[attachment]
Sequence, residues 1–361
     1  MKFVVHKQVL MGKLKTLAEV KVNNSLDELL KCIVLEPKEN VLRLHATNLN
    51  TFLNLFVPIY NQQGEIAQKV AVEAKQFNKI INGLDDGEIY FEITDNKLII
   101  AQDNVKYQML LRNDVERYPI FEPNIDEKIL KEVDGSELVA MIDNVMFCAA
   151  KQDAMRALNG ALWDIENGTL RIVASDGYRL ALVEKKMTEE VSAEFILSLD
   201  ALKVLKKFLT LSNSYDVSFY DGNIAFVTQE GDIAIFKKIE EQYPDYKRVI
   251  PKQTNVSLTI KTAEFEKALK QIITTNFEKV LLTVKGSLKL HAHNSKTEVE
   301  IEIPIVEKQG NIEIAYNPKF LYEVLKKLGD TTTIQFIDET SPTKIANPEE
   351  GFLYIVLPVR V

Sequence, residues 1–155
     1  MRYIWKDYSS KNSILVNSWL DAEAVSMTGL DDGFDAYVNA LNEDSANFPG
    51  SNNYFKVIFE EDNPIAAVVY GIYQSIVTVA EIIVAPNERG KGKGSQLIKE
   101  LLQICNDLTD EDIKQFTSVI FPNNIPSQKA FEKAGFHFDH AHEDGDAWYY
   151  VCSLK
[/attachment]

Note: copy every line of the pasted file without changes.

Sequence, residues 1–361
     1  MKFVVHKQVL MGKLKTLAEV KVNNSLDELL KCIVLEPKEN VLRLHATNLN
    51  TFLNLFVPIY NQQGEIAQKV AVEAKQFNKI INGLDDGEIY FEITDNKLII
   101  AQDNVKYQML LRNDVERYPI FEPNIDEKIL KEVDGSELVA MIDNVMFCAA
   151  KQDAMRALNG ALWDIENGTL RIVASDGYRL ALVEKKMTEE VSAEFILSLD
   201  ALKVLKKFLT LSNSYDVSFY DGNIAFVTQE GDIAIFKKIE EQYPDYKRVI
   251  PKQTNVSLTI KTAEFEKALK QIITTNFEKV LLTVKGSLKL HAHNSKTEVE
   301  IEIPIVEKQG NIEIAYNPKF LYEVLKKLGD TTTIQFIDET SPTKIANPEE
   351  GFLYIVLPVR V

Sequence, residues 1–155
     1  MRYIWKDYSS KNSILVNSWL DAEAVSMTGL DDGFDAYVNA LNEDSANFPG
    51  SNNYFKVIFE EDNPIAAVVY GIYQSIVTVA EIIVAPNERG KGKGSQLIKE
   101  LLQICNDLTD EDIKQFTSVI FPNNIPSQKA FEKAGFHFDH AHEDGDAWYY
   151  VCSLK